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This shape is known as a ‘truncated icosahedron’. According to Wikipedia, “It is used in the cell-transitive hyperbolic space-filling tessellation, the bitruncated order-5 dodecahedral honeycomb”. If you have any idea what that means, you’re much smarter than me….

Let me explain the relevance of that shape for this website…

It has been assumed that mission is an activity that the Western church does 'to foreigners'. The good news of Jesus is something that ‘we’ in the West take to ‘them’. This idea is unidirectional - mission moving outwards from one place to another.

Increasingly this understanding is simplistic and even harmful, a shift prompted in part by the rapid growth and deepening of majority world Christianity combined with a corresponding decline of Christian faith in many Western countries. Large numbers of people are migrating in different directions in our globalizing world, many of whom are Christians speaking the message of Jesus as they go. It is increasingly appreciated that God's mission is multi-directional, or ‘from everywhere to everywhere’. 

Today, four out of the top five missionary-sending countries are in the Majority World, and you’re more likely to meet a Nigerian or Iranian Christian in Britain than you are a British Christian in Nigeria or Iran. The good news of Jesus is being shared across cultural and national boundaries by Christians on the move, only a small number of which are salaried ‘professional’ missionaries, and an even smaller number still are from the West. Proclaiming Christ to the ends of the earth is as likely to be done by a Filipino domestic worker in the Middle East, a Ghanaian pastor in London, or a Brazilian student in Lisbon than it is by a Western missionary in India.

So, what about our truncated icosahedron then? Well, world mission is not an arrow going in one direction but rather an interwoven tapestry of flows, connections, relationships, partnerships, migrations, and movements in all directions all the time all around the world. Hence the symbol – every ‘dot’ is connected to every other dot in every direction through a web of multi-directional connections. Argentinian pastor and professor Pablo Deiros describes this idea well when he writes how:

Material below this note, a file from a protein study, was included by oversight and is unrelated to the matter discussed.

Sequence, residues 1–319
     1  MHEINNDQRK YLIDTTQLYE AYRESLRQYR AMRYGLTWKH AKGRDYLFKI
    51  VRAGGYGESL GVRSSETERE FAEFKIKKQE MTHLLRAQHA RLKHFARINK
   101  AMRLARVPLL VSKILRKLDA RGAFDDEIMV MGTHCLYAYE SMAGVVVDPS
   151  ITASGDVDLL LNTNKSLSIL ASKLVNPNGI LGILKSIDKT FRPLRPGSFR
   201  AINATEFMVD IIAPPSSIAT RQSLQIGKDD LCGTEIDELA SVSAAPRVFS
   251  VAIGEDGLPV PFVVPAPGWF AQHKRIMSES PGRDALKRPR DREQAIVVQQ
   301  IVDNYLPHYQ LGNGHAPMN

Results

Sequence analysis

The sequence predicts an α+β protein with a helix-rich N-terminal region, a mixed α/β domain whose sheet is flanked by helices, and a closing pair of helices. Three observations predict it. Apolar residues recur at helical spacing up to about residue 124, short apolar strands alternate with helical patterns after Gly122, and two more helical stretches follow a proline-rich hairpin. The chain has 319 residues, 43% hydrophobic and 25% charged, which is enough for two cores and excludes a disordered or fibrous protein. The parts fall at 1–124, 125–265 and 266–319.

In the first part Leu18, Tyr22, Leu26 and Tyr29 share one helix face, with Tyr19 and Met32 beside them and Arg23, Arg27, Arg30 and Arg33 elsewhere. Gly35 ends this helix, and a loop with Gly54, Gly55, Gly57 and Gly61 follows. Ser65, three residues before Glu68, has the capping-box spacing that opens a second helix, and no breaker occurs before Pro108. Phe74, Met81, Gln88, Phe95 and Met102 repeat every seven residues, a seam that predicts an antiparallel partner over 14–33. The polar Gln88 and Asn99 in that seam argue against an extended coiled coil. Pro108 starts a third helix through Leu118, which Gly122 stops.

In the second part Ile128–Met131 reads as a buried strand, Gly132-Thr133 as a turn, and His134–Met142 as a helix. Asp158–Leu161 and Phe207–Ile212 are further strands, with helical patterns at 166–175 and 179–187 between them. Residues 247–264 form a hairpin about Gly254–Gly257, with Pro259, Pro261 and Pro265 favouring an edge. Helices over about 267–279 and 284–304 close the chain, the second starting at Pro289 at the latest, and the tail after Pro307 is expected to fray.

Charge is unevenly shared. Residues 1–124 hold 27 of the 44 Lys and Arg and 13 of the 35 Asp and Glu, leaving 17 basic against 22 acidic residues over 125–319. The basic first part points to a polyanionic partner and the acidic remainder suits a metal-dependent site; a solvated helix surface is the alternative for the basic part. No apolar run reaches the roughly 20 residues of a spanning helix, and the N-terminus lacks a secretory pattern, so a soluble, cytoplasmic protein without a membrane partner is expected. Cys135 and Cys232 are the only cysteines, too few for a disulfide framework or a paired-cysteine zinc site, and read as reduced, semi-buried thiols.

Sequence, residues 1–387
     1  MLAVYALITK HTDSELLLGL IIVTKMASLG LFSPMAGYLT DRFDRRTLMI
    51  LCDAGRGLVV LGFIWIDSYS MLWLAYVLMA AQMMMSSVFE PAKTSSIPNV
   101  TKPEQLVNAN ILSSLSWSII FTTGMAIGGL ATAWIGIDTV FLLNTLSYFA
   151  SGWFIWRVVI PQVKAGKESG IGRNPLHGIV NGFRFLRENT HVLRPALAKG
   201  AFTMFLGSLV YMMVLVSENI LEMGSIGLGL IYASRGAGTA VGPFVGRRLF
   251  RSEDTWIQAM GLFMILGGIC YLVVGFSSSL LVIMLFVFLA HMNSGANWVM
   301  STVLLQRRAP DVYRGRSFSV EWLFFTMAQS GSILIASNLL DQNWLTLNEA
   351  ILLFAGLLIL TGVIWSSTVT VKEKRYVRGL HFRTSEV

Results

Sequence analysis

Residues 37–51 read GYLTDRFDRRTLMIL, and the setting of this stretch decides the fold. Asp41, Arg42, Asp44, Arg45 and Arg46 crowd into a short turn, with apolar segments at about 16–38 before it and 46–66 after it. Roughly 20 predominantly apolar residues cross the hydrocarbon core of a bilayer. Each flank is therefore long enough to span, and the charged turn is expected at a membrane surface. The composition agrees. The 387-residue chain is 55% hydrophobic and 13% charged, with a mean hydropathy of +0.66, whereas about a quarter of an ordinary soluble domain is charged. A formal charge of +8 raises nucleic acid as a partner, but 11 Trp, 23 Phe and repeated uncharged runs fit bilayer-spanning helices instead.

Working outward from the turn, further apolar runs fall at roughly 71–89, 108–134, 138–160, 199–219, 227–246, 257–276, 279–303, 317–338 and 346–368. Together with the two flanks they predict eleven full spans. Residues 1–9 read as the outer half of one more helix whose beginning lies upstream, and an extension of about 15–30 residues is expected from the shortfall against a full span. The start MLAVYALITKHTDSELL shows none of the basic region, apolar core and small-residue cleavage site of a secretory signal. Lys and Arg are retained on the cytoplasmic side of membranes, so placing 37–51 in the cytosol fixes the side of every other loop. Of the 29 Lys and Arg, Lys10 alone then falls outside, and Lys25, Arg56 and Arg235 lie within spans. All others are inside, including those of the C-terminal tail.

Today we need to talk about a mission in which all send and all receive at the same time. We do not identify a country that sends and another that receives. Until recently, this was typical of our bidimensional, unidirectional model. Nowadays, mission resembles a more tridimensional model. [In this] tridimensional or polyhedral understanding of the reality of mission, everybody sends the message of the gospel to everybody, and all receive the message from all…the Christian mission is multi-directional. It expands in all directions at the same time. All the vertices touch all others in the structure through their interconnection.

So think about those three words: 'From Every Nation'. First and foremost they refer to the ultimate purpose and direction of God’s mission plans, as in God's great vision of heaven he gave to John of 'a great multitude that no one could count, from every nation, tribe, people and language, standing before the throne and before the Lamb' (Rev 7:9). 'From every nation' encapsulates something of the glorious future that awaits Christ's followers as they all gather together in beautiful, eternal worship of God in heaven. 


But those three words are not just the end point of God's mission purposes. They also describe something of the means by which these purposes will be realised – Christians from every nation, prepared and sent by churches in every nation, taking the story of Christ to every nation.

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